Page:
OR WAIT null SECS
Women who receive the prophylactic bivalent human papilloma virus (HPV) vaccine within 90 days of pregnancy are not at an increased risk for miscarriage, underscoring the safety of the vaccine. The proven safety of the bivalent HPV vaccine should quell the concerns of women and their health care practitioners.
A recent study found that the bivalent human papilloma virus (HPV) vaccine is safe and has no increased risk for miscarriage in pregnant women.
Prior studies had suggested that the bivalent HPV vaccine was associated with a slightly increased risk of miscarriage in females who became pregnant within 90 days of receiving the vaccine; however, the recent evaluation of extended follow-up trial data proves this concern to be unwarranted, offering additional reassurances to women regarding the safety of the vaccination program.
“The results of our study provide the evidence that people have nothing to fear from this vaccination program in terms of pregnancy outcomes, and they shouldn’t be concerned that any pregnancy related adverse events are likely to occur,” said Orestis Panagiotou, MD, Division of Cancer Epidemiology & Genetics, US National Cancer Institute, National Institutes of Health, Bethesda, Maryland. “It is our opinion that they should continue to receive the bivalent HPV vaccination, based on their physician’s recommendations as well as those put forth by the Centers for Disease Control and Prevention (CDC).”
Dr Panagiotou and fellow researchers recently reported on a single center, randomized, double-blinded trial combined with an independent unvaccinated population based cohort.1 The observational long-term follow up study examined the effect of the bivalent HPV vaccine on miscarriage, defined by the CDC as fetal loss within 20 weeks of gestation, in pregnancies exposed to bivalent HPV vaccination in less than 90 days, and any time from vaccination compared with pregnancies exposed to hepatitis A vaccine and pregnancies in the unvaccinated cohort. Study participants were assigned to receive 3 doses of bivalent HPV vaccine (n=3727) or control hepatitis A vaccine (n=3739). Crossover bivalent HPV vaccine was administered in the hepatitis A vaccine arm at the end of the study. Women in the unvaccinated cohort (n=2836) received no vaccination.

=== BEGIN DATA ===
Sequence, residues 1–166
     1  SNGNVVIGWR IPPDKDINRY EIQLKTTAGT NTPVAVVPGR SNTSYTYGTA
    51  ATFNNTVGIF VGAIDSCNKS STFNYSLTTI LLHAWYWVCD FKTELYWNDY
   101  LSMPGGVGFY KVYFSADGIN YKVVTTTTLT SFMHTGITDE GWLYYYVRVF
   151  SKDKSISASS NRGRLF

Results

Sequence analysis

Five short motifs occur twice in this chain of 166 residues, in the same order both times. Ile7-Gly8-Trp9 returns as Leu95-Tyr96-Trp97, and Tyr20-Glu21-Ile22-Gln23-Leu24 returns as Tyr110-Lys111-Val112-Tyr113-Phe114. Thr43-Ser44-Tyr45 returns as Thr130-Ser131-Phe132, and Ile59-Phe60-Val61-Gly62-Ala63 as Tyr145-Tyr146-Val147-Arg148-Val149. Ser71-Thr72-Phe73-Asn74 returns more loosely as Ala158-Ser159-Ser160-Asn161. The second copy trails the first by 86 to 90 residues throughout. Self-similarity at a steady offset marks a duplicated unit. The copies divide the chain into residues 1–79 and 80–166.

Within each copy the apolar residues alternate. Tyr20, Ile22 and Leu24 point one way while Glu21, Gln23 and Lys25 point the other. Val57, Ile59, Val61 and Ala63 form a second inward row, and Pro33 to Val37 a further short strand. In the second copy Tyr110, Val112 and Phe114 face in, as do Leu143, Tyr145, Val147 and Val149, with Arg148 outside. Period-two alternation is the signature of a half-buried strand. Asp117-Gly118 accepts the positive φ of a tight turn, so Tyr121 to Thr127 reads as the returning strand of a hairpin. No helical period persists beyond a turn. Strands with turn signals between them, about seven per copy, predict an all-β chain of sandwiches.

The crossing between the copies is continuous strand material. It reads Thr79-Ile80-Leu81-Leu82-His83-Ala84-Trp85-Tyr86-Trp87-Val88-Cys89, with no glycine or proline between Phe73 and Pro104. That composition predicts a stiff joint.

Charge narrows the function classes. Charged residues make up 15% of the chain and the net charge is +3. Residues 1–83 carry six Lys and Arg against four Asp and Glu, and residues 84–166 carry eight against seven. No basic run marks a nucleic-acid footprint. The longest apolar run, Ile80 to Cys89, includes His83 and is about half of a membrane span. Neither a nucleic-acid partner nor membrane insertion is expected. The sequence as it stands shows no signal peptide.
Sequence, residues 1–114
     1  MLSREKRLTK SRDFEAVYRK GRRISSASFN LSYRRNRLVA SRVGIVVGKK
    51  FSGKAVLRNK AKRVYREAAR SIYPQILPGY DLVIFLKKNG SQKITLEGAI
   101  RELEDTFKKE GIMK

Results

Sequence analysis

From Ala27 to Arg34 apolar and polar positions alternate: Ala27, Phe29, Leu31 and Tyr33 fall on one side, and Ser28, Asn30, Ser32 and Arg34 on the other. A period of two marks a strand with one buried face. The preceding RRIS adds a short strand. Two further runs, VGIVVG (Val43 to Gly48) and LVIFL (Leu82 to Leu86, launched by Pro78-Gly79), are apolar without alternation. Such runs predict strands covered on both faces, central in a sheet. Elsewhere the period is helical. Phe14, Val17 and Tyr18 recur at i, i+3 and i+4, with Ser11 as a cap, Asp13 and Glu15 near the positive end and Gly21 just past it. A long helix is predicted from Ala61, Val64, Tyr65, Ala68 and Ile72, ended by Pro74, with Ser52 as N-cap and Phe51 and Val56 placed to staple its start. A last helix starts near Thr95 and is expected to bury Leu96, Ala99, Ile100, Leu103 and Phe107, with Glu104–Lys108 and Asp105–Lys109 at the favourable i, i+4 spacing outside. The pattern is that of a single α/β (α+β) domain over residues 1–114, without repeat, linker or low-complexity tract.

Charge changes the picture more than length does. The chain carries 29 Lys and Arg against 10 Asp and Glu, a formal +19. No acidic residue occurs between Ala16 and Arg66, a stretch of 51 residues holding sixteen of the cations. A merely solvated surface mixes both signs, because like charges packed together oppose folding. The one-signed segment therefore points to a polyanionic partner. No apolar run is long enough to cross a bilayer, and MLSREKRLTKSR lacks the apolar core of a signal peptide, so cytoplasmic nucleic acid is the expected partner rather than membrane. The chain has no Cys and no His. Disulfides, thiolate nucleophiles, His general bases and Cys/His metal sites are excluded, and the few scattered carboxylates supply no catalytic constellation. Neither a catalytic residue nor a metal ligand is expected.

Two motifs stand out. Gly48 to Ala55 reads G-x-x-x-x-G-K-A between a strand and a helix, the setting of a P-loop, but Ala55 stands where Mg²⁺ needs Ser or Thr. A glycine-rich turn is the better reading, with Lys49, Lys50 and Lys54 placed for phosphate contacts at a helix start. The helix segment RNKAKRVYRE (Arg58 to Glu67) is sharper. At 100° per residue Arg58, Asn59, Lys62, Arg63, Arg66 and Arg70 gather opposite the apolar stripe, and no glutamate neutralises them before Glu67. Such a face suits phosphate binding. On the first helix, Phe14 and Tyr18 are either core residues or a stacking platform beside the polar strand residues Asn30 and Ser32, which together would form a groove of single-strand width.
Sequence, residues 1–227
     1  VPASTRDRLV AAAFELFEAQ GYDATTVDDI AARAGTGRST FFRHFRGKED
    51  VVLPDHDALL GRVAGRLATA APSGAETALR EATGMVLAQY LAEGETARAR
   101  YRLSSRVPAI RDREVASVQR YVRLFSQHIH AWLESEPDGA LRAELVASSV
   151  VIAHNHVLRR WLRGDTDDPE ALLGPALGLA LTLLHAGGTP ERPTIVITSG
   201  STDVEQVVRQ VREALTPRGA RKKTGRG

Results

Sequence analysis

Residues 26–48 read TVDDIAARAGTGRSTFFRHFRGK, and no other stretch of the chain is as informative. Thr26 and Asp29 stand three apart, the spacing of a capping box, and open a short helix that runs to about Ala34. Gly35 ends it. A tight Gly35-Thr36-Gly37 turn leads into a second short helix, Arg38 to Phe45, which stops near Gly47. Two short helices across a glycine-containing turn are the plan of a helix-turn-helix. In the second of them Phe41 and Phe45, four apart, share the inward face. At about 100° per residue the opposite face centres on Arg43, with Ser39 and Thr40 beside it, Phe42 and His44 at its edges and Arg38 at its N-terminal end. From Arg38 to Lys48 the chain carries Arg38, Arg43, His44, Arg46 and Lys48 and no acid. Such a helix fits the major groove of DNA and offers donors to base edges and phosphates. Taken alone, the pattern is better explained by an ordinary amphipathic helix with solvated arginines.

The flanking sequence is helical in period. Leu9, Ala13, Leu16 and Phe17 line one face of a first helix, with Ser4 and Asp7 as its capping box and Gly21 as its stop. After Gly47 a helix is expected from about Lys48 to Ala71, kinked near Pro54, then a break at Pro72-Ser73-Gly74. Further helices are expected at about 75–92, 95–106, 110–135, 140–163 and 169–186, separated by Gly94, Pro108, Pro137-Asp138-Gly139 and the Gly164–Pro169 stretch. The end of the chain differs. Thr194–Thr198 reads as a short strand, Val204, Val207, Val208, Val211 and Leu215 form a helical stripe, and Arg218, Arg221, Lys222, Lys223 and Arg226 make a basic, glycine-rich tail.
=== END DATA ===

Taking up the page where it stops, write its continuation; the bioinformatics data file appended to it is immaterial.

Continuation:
Results showed that of the 3394 pregnancies that occurred since the administration of the bivalent HPV vaccine, 13.3% ended in miscarriage. In the subset of 381 pregnancies conceived fewer than 90 days from administration of the bivalent HPV vaccine, the miscarriage rate was 13.1%. The miscarriage rate in the female cohort that did not receive any vaccination was 12.8%.
The study also found that the relative risk for miscarriage of pregnancies conceived fewer than 90 days from vaccination compared with all unexposed pregnancies was 1.02, which remained similar after adjustment for age at vaccination, age at conception, and calendar year. Following bivalent HPV vaccination, the risk for miscarriage at 13 to 20 weeks gestation was 1.35 times the normal risk. This slight increase in risk was only seen in comparison with those women who received hepatitis A vaccination, and was not seen in the observational cohort of females who did not receive vaccination.
The slightly elevated risk of miscarriage in those females who conceived any time after bivalent HPV vaccination could be an artifact, Dr Panagiotou said, and should be further explored in existing and future clinical trials.
“I think that the practitioners could use our evidence as a communication tool with their patients and those females who are considering receiving the bivalent HPV vaccination,” said Dr Panagiotou. “This new knowledge can be of help when health care practitioners discuss the safety of the vaccination program and the important vaccination decisions to be made in this patient population.”
1. Panagiotou OA, Befano BL, Gonzalez P, et al. Effect of bivalent human papillomavirus vaccination on pregnancy outcomes: long term observational follow-up in the Costa Rica HPV Vaccine Trial. BMJ. 2015;351:h4358.
The author and interview subject have no relevant disclosures.